Once you’ve established what these things are – you need to be able to get them in front of people – I know from experience that getting people to come along to a Chilean wine tasting is harder than it should be. Over the years I’ve run South African wines fairs, Italian ones, French, Australian and New Zealand fairs – and each one has been sold out with over 100 people coming along. I attempted the same things with Chile – and for whatever reason only managed to get a relatively few  people to come. The wine buying public need persuading in the same way that merchants and writers  need persuading – and it isn’t an easy task to change perceptions.

I think what I would do would be to arrange a number of special, ‘icon’ tastings of some of Chile’s very best wines. Put them on locally, in conjunction with regional wine merchants who are in touch with the local wine market. Invite journalists locally to come, and fund some of the event to make it accessible to as many people as possible. Invite wineries to come and pour their wine – each winery should only be allowed to bring one wine – the wine that they consider to be their best – but crucially it must be agreed with the organiser first. Forget putting wines costing £12 into the tasting – this is about consumer perception changing and not about selling wines that already do ok. We want to show just  how good Chile can be, and make it something that consumers actually start to think about in a serious way. I’d run a seminar or wine walk type thing during the event to highlight just a few of the wines at the tasting that really are the best of the best – judged by someone independent and not by the wineries themselves. The selection of wines for the tasting could even be selected by a writer (Peter Richards being the  obvious choice) and those wineries only invited. That approach might upset a few producers but if we want to achieve what we set out to do then it’s important that egos don’t get in the way and instead the whole industry comes  together to celebrate absolute success.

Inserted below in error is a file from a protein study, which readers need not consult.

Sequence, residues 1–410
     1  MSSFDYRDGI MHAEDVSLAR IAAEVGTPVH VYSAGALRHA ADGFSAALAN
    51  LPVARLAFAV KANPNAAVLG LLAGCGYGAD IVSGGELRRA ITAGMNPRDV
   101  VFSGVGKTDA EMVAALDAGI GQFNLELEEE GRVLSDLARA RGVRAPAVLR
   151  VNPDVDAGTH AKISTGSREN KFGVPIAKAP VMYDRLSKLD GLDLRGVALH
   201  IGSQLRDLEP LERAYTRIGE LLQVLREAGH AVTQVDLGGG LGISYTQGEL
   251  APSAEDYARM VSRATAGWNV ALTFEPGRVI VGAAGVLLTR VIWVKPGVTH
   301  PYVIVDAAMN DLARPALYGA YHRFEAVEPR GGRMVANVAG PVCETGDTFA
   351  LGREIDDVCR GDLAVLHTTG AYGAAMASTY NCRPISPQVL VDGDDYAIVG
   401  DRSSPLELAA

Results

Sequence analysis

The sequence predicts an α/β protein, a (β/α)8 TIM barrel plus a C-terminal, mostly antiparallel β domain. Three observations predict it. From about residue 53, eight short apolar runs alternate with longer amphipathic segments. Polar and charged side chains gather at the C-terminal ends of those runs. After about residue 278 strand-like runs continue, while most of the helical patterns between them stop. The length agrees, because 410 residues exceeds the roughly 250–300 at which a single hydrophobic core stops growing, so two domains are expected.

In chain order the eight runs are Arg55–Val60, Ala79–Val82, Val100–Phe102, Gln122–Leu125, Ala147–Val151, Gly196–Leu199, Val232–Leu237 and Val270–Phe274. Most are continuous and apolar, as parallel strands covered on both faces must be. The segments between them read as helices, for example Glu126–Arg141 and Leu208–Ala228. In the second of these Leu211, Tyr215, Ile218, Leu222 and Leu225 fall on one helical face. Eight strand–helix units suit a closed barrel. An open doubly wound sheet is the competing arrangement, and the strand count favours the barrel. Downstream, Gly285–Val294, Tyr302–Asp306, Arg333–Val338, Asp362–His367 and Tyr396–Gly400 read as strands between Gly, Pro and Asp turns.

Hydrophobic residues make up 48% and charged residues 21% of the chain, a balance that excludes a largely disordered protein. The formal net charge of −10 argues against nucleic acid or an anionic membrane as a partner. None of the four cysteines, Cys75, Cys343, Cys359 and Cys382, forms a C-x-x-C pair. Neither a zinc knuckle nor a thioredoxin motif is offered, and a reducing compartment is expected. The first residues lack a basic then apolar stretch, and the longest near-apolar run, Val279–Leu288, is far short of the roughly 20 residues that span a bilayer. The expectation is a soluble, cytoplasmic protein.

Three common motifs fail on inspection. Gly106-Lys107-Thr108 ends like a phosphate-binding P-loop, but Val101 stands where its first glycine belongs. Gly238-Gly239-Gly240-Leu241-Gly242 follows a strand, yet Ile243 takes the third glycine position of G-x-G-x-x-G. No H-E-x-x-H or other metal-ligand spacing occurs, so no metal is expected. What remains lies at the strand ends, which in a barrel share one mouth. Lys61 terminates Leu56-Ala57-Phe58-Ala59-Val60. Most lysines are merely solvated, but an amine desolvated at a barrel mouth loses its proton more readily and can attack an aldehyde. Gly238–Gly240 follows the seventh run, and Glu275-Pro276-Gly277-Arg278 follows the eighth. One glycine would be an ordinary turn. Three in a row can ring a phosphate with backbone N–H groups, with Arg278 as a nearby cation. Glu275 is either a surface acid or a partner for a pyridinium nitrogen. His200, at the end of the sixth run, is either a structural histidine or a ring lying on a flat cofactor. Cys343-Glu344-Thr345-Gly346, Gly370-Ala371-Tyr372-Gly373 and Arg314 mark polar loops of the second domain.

These headline events are just the beginning – it’s about being a catalyst, changing some attitudes, getting peoplle talking about Chile again. Opening doors and building confidence. If the retailers see positive reactions to these wines, if consumers love them, if sales people see a wow factor and writers engage then you’re starting to see some real benefit. It’s necessary to take this out to people for the simple reason that as I explained above – sometimes it’s just hard to get people to come to taste Chile so take it to them.

I often think that retailers need a bit of help with their Chilean ranges – for whatever reason I get a lot of samples of Rioja, Italian wine, Australian and New Zealand wine but the only samples I ever see are inexpensive house wines – it doesn’t feel as if a lot of importers actually really get behind the wines. If I were a Chilean winery I’d want to know how many of my wines had been send out as pre-listing samples to potential customers – and if it wasn’t very much I’d be asking my importer some difficult questions. The wines will not sell if people do not taste them. Period.

When Wines of Argentina approached me a couple of years ago about trying to increase our Argentinian sales they offered a lot of interesting help, from sales incentives for sales staff – which work in the short term and may have some lasting effect to providing point of sale, help with customer tastings  and staff training. But perhaps the biggest help they gave me was to ask permission to get me sent some samples. OK it was A LOT of samples – but they  were carefully picked to reflect the type of business that we were and took into account our current listing and suppliers so that we could make sure we had the right range. It was really really useful. Yes I had to taste a lot of wine, but I did so in my own time, at my own pace. I made notes and sent WoA feedback on each batch which helped them to hone further selections to meet with my preference for style.